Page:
Hubert John Williams was a successful painter of portraits, landscapes and architectural subjects, as well as being a printmaker, etcher and illustrator.
Born in Beckenham, Kent in 1905, his artistic career began when he won first prize in a painting competition to launch the Children’s Newspaper.
From 1927-1932 he studied at the Royal Academy Schools, where he was awarded the Landseer Scholarship for 1928. He also studied at the St Martins School of Art and the Central School of Arts and Crafts, as well as the London County Council Schools.
Between 1926 and 1939 he exhibited at the Royal Academy, the Royal Scottish Academy, the Royal Institute of Painters in Oil, and the New English Art Club, amongst others.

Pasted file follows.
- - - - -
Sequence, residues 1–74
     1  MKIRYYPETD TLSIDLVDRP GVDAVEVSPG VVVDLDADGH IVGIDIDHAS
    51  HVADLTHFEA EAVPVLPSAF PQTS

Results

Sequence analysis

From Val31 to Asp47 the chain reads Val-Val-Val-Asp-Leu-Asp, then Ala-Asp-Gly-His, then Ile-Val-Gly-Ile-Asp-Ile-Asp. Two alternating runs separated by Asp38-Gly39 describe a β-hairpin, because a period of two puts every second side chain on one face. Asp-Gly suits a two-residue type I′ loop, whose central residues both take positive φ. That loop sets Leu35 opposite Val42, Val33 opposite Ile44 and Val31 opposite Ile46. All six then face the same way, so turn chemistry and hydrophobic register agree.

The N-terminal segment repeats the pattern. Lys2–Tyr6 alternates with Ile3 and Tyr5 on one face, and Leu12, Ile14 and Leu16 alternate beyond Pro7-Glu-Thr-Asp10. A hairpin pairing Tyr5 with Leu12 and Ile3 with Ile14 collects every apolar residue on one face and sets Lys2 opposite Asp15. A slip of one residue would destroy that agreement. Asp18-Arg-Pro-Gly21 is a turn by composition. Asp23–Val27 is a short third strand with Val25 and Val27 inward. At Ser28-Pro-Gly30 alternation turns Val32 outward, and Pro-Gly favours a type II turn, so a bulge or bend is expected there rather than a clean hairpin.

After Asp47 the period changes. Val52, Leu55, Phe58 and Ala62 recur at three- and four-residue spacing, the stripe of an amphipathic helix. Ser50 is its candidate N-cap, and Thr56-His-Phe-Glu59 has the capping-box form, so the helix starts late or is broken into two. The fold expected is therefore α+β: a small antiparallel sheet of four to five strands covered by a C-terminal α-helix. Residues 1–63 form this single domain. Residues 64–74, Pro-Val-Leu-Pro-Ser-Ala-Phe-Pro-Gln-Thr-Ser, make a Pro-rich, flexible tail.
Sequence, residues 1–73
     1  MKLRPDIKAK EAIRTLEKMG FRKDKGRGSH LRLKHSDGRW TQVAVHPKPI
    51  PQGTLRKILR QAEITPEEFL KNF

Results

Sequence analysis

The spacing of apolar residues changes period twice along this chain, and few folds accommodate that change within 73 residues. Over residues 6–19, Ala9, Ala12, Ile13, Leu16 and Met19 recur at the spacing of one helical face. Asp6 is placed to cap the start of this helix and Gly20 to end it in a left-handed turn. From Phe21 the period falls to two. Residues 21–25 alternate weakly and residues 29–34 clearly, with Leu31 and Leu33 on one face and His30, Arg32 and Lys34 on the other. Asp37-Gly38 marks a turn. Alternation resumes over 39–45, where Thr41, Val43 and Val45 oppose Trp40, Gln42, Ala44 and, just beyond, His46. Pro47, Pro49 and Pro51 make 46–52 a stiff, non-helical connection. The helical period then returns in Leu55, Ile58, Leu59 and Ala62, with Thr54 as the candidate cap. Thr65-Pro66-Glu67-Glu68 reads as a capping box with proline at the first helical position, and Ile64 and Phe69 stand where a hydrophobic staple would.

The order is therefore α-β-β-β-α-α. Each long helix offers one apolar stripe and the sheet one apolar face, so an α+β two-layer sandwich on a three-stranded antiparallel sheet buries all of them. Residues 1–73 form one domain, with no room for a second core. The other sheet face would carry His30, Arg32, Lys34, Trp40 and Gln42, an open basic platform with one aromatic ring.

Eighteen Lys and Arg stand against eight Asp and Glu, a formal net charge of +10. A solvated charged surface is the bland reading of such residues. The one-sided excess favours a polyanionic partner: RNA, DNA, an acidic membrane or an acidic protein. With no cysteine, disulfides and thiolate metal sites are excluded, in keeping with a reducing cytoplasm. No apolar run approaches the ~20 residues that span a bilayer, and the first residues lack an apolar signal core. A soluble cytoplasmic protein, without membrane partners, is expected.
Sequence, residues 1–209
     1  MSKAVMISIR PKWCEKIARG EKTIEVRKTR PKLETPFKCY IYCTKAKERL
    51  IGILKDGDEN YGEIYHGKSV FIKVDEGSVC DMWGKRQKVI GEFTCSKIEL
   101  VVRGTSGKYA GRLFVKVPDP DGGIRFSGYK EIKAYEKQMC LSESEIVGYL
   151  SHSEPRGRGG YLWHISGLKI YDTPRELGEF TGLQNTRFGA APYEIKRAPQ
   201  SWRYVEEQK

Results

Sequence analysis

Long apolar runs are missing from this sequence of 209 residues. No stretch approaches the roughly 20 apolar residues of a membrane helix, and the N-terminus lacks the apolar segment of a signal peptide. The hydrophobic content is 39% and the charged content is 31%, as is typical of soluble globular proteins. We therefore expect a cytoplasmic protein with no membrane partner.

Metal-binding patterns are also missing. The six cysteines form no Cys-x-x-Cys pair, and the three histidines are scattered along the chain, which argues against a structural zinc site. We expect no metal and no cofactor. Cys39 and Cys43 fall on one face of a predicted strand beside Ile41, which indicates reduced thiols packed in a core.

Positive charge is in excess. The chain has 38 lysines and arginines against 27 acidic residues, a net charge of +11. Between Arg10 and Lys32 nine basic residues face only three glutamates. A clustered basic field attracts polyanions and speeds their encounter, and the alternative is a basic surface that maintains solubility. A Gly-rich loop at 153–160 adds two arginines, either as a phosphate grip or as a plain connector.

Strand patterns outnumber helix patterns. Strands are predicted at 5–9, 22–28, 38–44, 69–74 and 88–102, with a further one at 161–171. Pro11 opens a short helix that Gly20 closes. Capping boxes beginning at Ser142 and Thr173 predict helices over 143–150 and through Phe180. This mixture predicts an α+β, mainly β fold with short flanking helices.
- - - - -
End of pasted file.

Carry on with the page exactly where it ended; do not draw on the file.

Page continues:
During WWII he worked as a cartographer in the War Office, then as a commercial illustrator from 1946, specialising in children’s education.
He became a freelance artist noted for his drawings of London buildings and street scenes, his work appearing in ‘The Times’, ‘The Observer’ and ‘Blue Peter Magazine’.
He also undertook portraiture and the illustration of children’s books, and he was a Member of the Pastel Group and the Society of Graphic Artists.
Hubert Williams work can be found in many public and private art collections, including the Imperial War Museum, the Museum of London, the Ferens Art Gallery in Hull, the Southampton Art Gallery, the Towner Art Gallery, and museums in Eastbourne and Bath.
Reference: 'Artists in Britain Since 1945' by David Buckman